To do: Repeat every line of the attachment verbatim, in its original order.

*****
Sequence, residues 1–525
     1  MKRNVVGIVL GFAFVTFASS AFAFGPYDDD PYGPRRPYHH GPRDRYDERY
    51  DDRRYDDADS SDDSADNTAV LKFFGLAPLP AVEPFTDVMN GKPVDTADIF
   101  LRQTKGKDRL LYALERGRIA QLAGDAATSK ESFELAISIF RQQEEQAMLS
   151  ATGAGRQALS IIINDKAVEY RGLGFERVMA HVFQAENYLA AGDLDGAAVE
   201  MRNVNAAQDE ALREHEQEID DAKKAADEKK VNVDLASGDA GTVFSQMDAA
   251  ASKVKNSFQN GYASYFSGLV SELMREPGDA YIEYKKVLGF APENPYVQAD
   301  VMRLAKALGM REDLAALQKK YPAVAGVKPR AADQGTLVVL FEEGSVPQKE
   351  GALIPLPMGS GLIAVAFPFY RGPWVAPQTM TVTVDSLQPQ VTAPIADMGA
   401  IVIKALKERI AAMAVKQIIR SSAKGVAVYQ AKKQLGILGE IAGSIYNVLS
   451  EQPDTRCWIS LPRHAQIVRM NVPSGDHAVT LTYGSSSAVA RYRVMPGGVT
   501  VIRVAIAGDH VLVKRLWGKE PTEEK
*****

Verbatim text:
Sequence, residues 1–525
     1  MKRNVVGIVL GFAFVTFASS AFAFGPYDDD PYGPRRPYHH GPRDRYDERY
    51  DDRRYDDADS SDDSADNTAV LKFFGLAPLP AVEPFTDVMN GKPVDTADIF
   101  LRQTKGKDRL LYALERGRIA QLAGDAATSK ESFELAISIF RQQEEQAMLS
   151  ATGAGRQALS IIINDKAVEY RGLGFERVMA HVFQAENYLA AGDLDGAAVE
   201  MRNVNAAQDE ALREHEQEID DAKKAADEKK VNVDLASGDA GTVFSQMDAA
   251  ASKVKNSFQN GYASYFSGLV SELMREPGDA YIEYKKVLGF APENPYVQAD
   301  VMRLAKALGM REDLAALQKK YPAVAGVKPR AADQGTLVVL FEEGSVPQKE
   351  GALIPLPMGS GLIAVAFPFY RGPWVAPQTM TVTVDSLQPQ VTAPIADMGA
   401  IVIKALKERI AAMAVKQIIR SSAKGVAVYQ AKKQLGILGE IAGSIYNVLS
   451  EQPDTRCWIS LPRHAQIVRM NVPSGDHAVT LTYGSSSAVA RYRVMPGGVT
   501  VIRVAIAGDH VLVKRLWGKE PTEEK